Report on Post Earthquake Rapid Assessment Northern Pakistan - 8 Oct 2005

Report
from Asian Disaster Preparedness Center
Published on 23 Nov 2005
Preface

On 8 October 2005 an earthquake of magnitude 7.6 on the Richter scale occurred in Northern area of Pakistan and in the border area of Indian Kashmir devastating an area of nearly 30,000 km. The impact zone extended to some areas in Afghanistan too. As per the official reports, around 75,000 people were killed in all the three countries, but the actual figure might be higher than what has been recorded to date.

The earthquake had highest impact in the North Western Frontier Province (NWFP), as well as 5 districts of Jammu and Kashmir partly under Pakistan and partly under the territory of Indian Kashmir. The total devastation caused was much higher than any of the earthquake disasters recorded in the recent history of Pakistan. The destruction to housing and settlements, urban as well as rural, was much higher than ever before. The Asian Disaster Preparedness Center (ADPC) was invited by the Habitat for Humanity International (HFHI) to participate in the rapid assessment mission initiated by HFHI. This mission was undertaken to conduct a study of the direct impact of the event and to identify the issues to be considered in meeting the shelter needs, during the immediate aftermath as well as in the long-term recovery phase.

The Habitat for Humanity International (HFHI) took immediate steps to mobilize a team, which also included a member from ADPC and a member from Asian Institute of Technology (AIT) of Thailand, respectively, to visit affected areas in Pakistan namely Bagh in Azad Kashmir, and Abbottabad, Manserha and Balakot in North Western Frontier Province from 31st October to 4th November 2005.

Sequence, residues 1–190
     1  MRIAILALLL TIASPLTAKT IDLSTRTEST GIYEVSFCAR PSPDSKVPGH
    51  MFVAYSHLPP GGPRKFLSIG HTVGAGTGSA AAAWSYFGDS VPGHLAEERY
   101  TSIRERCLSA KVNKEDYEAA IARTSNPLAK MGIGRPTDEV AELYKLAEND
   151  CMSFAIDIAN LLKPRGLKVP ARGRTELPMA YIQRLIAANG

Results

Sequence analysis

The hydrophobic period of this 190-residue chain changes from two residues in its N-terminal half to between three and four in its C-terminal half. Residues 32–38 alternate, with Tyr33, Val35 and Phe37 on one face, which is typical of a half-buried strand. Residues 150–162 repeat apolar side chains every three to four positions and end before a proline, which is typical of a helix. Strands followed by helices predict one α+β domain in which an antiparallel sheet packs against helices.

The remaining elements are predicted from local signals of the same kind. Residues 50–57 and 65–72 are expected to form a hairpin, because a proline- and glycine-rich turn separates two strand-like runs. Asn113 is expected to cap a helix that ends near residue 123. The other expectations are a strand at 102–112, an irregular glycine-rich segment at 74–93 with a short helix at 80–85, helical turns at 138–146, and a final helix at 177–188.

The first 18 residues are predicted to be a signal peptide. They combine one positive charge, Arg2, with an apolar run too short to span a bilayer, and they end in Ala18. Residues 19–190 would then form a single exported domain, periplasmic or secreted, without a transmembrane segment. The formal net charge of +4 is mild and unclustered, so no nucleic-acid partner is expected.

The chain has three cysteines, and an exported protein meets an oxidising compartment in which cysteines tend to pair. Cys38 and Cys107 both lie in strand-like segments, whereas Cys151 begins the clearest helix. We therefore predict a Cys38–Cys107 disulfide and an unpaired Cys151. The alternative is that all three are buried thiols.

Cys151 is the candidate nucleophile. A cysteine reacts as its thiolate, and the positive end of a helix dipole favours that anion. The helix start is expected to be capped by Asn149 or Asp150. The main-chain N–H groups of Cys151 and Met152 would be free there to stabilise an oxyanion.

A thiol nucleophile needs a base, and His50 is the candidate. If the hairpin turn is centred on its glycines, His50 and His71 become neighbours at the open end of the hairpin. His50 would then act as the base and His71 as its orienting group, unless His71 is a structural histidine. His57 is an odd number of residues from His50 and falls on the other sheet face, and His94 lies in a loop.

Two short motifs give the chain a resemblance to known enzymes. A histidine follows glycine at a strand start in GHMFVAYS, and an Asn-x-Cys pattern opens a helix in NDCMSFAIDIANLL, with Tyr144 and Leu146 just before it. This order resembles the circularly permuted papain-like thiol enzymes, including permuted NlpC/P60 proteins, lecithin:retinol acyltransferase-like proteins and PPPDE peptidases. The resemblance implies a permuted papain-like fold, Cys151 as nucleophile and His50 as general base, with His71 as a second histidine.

During the visit, the team analyzed the destructions, especially to buildings and dwellings, gathered information on the types of construction, causes of failure due to the earthquake, potential seismicresistant interventions during reconstruction phase, and solutions for winter shelter. This report presents the findings on:

  • Factors that contributed to high losses, casualties and damages to property

  • Possible risk reduction measures to be included in long and short term recovery programs

  • Suggestions on the approaches for implementation of reconstruction and rehabilitation programs
These findings, however, would need updating as more information flows in and therefore conducting another detailed assessment before the commencement of the recovery program, is highly recommended. The findings represent the conclusions from most current observations made at present and available to help those involved in formulation of a comprehensive recovery program as well as long and short term approaches for mitigation of impacts of future earthquake disaster events.

The ADPC wishes to place on record its appreciation to HFHI for the opportunity provided to ADPC for participation in the study and wish to thank all the team members namely Barry Mackey, Jack Blanchette, Kathryn Reid, Samantha Rex, Farhan Mall of HFHI, Dan Bavington of ZOR Engineers (PVT) LTD, Dr. Pennung Warnitchai of AIT, The Evangelical Assistance Mission (TEAM) and Mr. N.M.S.I. Arambepola of ADPC, for their inputs and assistance during the study.

Dr. Suvit Yodmani,
Executive Director,
Asian Disaster Preparedness Center (ADPC)
November 23, 2005

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